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                                                           IN 82-16 
                                                           May 28, 1982  
                                                           Page 2 of 2 

data. The licensee's corrective action included measuring rated steam flow 
differential pressures and reestablishing appropriate settings during 
startup from the recent refueling outage. 

Although the JAFP high differential pressure settings were nonconservative, 
some diverse protection was provided by isolation signals on low steam line 
pressure and high ambient and/or delta temperatures. On the other hand, 
lowering the setpoints increases the likelihood of spurious isolation trips 
that result from pressure transients associated with quick starts of the 
system. At some BWRs, such spurious isolation are a significant concern 
because they occur often, reducing the reliability of the HPCI to operate on
demand. Spurious isolation are believed to result from various causes (such 
as condensation in the instrument lines, an effect which may be aggravated 
by the orientation of the taps on the elbow). To overcome the effects of 
pressure transients and setpoint drifts initiating spurious isolation, some 
BWRs have incorporated time delays in this instrumentation system by use of 
orifice snubbers and/or electronic timers.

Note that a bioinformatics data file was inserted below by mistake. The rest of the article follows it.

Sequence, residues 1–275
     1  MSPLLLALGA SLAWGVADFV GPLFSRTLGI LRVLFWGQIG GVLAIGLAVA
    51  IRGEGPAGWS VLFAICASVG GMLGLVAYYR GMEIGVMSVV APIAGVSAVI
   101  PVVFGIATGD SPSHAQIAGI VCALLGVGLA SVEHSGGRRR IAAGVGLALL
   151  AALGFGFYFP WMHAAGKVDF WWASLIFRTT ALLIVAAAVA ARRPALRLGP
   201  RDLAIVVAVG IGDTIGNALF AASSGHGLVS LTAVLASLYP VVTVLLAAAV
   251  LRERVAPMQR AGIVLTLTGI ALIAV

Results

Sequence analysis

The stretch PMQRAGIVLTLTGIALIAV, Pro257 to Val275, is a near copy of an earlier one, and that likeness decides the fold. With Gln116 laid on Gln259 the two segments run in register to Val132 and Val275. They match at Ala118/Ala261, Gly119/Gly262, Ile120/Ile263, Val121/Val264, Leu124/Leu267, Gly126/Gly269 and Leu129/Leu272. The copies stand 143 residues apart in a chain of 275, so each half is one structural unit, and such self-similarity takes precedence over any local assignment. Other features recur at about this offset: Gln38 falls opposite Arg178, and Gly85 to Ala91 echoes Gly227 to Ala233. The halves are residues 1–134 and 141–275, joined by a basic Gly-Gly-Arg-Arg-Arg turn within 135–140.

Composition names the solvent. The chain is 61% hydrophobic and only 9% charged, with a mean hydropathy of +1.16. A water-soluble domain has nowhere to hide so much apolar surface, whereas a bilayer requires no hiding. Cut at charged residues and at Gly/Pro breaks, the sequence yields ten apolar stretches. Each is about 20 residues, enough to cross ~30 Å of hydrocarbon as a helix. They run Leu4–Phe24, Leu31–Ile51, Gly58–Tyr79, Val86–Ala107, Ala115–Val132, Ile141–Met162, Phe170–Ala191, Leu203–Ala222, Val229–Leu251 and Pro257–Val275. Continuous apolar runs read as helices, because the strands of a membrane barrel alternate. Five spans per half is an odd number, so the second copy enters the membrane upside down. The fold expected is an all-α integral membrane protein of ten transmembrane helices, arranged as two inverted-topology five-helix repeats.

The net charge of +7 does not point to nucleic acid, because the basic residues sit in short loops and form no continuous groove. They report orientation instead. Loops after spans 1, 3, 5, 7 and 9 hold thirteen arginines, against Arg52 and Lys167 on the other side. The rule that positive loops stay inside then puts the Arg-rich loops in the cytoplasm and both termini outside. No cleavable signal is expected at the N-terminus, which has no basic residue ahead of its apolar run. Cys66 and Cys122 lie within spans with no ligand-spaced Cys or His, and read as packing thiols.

General Electric recommended that its customers review the startup test data
to verify that the FSAR-defined HPCI and RCIC steam flow setpoints are 
consistent with startup data. Where any setpoint values are found to be 
inconsistent, action should be taken to correct the discrepancy. Regarding 
this recommendation at this time, we would caution that any setpoint changes
and related testing should include consideration of the potential problem of
spurious isolation. Such consideration should include an awareness of Item 
II. K.3.15 of NUREG 0737, "Clarification of TMI Action Plan Requirements," 
that describes requirements on modifications of steam supply line break 
detection logic to prevent spurious isolation of HPCI and RCIC. In this 
regard, consideration should be given to including an electronic time delay 
in the high steam flow instrumentation system to decrease the chance of 
spurious isolation. (A time delay of 3 seconds was recommended by GE and 
included in the INPO/NSAC Significant Operating Experience Report 81-13 on 
HPCI/RCIb malfunctions.) 

No written response to this information is required. If you need additional 
information regarding this matter, please contact the Regional Administrator
of the appropriate NRC Regional Office. 



                                   Edward L. Jordan, Director 
                                   Division of Engineering and  
                                     Quality Assurance 
                                   Office of Inspection and Enforcement 

Technical Contact:  C. J. DeBevec 
                    301-492-4870